R has become a go-to tool for spatial analysis in many settings. You can read and edit spatial data, conduct geoprocessing and spatial analysis and create static and interactive maps. Of course, the first step in spatial analysis with R is often reading in your spatial data and this step can be confusing and frustrating.
The super-powerful grandfather of functions for reading vector-based spatial data is
readOGR from the package
rgdal. You can use this function to read in dozens of different formats but the syntax can be odd and, importantly, is different for different input types. As an example, you might surprised to learn that one of these lines of code for reading a shapefile will work fine and one will fail can you guess which is which?
readOGR(dsn="x:/junk", layer="myfile") # works fine readOGR(dsn="x:/junk/", layer="myfile") # fail
That trailing backslash is toxic and I'll bet that this single idiosynchrasy has prevented more than one researcher from conducting spatial analysis in R. Navigating these oddities is daunting but once you learn the syntax for the limited number of file types you likely work you’ll be able to comfortably move on to the fun of spatial analysis in R. This post focuses on four formats that are among the most common: shapefiles, MapInfo files, GeoJSON and GPS (with a GPX extension).
Note that this post is limited to reading and writing vector data. For raster data I use the
raster package rather than
rgdal and I find that these functions (
stack) are more straightforward and work smoothly. An example of using the
raster function can be found in our post on analyzing raster data in R.
Files we're using
You can download the files I use in the post as a ZIP here. For the blog post I'm storing all files in my directory at
X:/spatial_files these include:
- Heritage_Trees_pdx: An ESRI Shapefile (made up of four files) of heritage trees from Portland, Oregon. Original source is here.
- providence_park: a GeoJSON file (just one file) that I manually created using geojson.io.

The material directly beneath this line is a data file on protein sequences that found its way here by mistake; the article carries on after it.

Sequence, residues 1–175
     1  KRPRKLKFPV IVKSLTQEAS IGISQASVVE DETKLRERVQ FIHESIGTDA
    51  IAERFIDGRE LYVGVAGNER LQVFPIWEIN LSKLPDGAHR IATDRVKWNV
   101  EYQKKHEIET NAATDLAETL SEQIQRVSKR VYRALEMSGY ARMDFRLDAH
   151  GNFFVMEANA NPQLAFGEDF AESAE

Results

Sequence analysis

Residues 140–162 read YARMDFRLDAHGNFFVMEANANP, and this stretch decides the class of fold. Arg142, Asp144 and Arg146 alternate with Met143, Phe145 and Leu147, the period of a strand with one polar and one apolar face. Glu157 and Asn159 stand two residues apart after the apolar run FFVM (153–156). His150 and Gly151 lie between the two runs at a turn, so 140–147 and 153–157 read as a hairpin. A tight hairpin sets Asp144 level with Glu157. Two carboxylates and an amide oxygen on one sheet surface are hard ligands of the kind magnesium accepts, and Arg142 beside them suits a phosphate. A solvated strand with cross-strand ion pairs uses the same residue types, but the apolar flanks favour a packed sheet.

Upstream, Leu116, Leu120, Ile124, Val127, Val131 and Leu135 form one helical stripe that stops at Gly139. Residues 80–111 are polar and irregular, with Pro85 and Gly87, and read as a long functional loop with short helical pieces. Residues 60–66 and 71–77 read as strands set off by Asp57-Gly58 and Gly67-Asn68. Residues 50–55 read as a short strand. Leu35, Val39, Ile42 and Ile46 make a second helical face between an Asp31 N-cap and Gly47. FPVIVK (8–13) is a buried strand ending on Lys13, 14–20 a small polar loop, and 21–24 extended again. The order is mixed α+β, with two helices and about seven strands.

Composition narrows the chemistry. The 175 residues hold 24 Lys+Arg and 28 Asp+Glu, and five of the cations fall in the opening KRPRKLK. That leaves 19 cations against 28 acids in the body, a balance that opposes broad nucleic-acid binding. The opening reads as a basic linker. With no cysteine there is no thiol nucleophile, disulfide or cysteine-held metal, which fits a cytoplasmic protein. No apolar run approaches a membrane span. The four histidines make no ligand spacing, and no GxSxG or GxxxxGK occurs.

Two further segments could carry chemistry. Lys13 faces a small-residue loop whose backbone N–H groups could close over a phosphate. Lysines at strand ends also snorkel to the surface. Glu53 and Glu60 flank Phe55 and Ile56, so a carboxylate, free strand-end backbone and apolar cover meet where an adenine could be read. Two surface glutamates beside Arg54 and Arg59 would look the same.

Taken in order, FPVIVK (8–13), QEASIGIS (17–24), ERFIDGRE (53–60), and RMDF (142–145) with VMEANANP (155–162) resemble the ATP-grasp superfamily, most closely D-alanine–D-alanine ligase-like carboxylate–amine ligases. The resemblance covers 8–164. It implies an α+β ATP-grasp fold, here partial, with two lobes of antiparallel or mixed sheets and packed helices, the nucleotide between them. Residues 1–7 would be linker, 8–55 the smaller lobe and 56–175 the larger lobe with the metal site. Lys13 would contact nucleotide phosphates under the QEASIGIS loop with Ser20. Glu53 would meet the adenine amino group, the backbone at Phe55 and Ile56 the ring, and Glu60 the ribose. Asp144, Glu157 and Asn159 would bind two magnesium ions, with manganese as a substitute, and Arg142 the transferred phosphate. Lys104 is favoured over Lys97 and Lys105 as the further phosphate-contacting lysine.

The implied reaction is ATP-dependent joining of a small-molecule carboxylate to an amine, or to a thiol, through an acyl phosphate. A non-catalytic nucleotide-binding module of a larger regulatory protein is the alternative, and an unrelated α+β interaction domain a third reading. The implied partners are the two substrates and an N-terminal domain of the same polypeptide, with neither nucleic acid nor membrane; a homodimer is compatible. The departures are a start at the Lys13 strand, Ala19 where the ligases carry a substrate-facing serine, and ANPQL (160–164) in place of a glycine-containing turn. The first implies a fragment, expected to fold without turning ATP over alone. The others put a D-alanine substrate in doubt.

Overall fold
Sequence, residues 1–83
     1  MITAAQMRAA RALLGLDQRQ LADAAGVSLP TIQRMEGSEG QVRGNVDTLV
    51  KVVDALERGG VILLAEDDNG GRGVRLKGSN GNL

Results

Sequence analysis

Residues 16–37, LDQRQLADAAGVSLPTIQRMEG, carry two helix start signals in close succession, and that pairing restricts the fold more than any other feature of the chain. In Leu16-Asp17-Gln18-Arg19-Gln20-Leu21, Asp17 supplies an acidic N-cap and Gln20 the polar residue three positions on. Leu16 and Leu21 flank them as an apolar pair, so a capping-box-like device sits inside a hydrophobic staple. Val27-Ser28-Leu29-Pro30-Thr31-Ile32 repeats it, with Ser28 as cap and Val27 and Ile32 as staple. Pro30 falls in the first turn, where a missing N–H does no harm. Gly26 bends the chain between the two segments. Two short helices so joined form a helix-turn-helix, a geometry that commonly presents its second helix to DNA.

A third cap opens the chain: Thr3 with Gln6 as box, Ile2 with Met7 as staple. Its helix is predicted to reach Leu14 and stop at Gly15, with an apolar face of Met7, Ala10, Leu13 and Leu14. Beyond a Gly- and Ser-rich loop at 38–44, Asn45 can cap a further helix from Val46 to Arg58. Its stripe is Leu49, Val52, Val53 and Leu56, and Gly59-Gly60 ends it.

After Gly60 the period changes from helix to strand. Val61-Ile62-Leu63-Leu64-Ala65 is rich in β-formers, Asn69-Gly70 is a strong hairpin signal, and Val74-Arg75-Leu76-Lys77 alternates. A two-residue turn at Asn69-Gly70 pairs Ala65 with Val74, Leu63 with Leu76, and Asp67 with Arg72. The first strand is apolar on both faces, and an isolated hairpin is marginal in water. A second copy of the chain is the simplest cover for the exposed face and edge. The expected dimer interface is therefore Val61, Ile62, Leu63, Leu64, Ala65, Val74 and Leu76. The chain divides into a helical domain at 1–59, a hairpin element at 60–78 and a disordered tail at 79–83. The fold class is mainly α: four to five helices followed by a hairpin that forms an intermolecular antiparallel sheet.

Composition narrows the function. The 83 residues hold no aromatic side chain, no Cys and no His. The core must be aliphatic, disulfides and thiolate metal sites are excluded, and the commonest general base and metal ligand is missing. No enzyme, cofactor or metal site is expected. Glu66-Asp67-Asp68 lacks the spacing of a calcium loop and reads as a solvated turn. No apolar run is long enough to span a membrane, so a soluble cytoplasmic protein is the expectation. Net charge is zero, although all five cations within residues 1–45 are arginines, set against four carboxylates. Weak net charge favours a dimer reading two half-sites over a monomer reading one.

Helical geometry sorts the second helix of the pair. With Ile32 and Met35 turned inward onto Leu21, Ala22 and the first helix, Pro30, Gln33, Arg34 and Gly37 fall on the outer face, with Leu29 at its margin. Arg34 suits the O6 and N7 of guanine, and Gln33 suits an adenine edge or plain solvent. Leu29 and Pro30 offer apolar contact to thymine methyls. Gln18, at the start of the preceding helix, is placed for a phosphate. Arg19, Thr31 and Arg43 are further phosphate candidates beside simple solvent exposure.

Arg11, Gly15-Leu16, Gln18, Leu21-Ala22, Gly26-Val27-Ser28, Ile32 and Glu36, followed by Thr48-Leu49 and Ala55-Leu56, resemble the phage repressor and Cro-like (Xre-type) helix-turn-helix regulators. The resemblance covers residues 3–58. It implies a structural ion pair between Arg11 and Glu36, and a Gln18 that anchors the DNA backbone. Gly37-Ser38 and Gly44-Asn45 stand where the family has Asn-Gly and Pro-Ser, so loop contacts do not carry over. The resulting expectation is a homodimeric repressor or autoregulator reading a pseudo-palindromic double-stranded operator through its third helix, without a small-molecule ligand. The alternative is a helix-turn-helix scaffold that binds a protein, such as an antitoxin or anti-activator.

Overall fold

- census_place_pdx: A MapInfo file (made up of four files) of Portland as a Census “Place”. Downloaded with the
tigrispackage and exported to MapInfo.
- portland_track: A GPS file (just one file) that I manually created with this site.
rgdal package has been around for more than a decade and provides bindings to the incredible Geospatial Data Abstraction Library (GDAL) for reading, writing and converting between spatial formats. You need to install the
rgdal package before you can run any of the code in this post. Keep in mind that there are several specialty packages for reading or writing various formats (e.g.,
plotKML) that you might consider using and I use occasinoally. But, if possible, I prefer to use one function, one package for reading spatial files and so this post focuses on
To read or write a specific file type you need to make sure that you have the drivers installed. For the four file types I cover below, these should be all installed by default but you should double check using the
ogrDrivers function. Here are the drivers on my machine. Yours may be slightly different but you likely have
library(rgdal) ogrDrivers()$name ##  "AeronavFAA" "ARCGEN" "AVCBin" "AVCE00" ##  "BNA" "CSV" "DGN" "DXF" ##  "EDIGEO" "ESRI Shapefile" "Geoconcept" "GeoJSON" ##  "Geomedia" "GeoRSS" "GML" "GMT" ##  "GPSBabel" "GPSTrackMaker" "GPX" "HTF" ##  "Idrisi" "KML" "MapInfo File" "Memory" ##  "MSSQLSpatial" "ODBC" "ODS" "OpenAir" ##  "OpenFileGDB" "PCIDSK" "PDF" "PDS" ##  "PGDump" "PGeo" "REC" "S57" ##  "SDTS" "SEGUKOOA" "SEGY" "SUA" ##  "SVG" "SXF" "TIGER" "UK .NTF" ##  "VRT" "Walk" "WAsP" "XLSX" ##  "XPlane"
A note about the data source name (
Although there are specific examples below, it's worth noting that for file types that require a
dsn argument without a layer name you need to remember to leave off the trailing forward slash. For files in your current working directory you can use
"." You can also use relative paths. Examples here:
# These are valid dsn arguments for reading a shapefile for a shapefile. # that I have in x:/junk and in x:/ readOGR(dsn="x:/junk", layer="myfile") # full path to x:/junk readOGR(dsn=".", layer="myfile") # current working directory X:/ readOGR(dsn="junk", layer="myfile") # relative path X:/junk
Reading and writing shapefiles with
With shapefiles the
dsn argument requires a directory path (without the filename and without the trailing forward slash) and the
layer argument requires a layer name without the suffix.
# no trailing slash in dsn and no suffix in layer! The shapefile is at # X:/spatial_files/Heritage_Trees_pdx.shp and the current working director # is X:/ trees <- readOGR(dsn="spatial_files", layer="Heritage_Trees_pdx") ## OGR data source with driver: ESRI Shapefile ## Source: "spatial_files", layer: "Heritage_Trees_pdx" ## with 291 features ## It has 14 fields bubble(trees['HEIGHT'], col=rgb(0.5,0.5,1,0.5))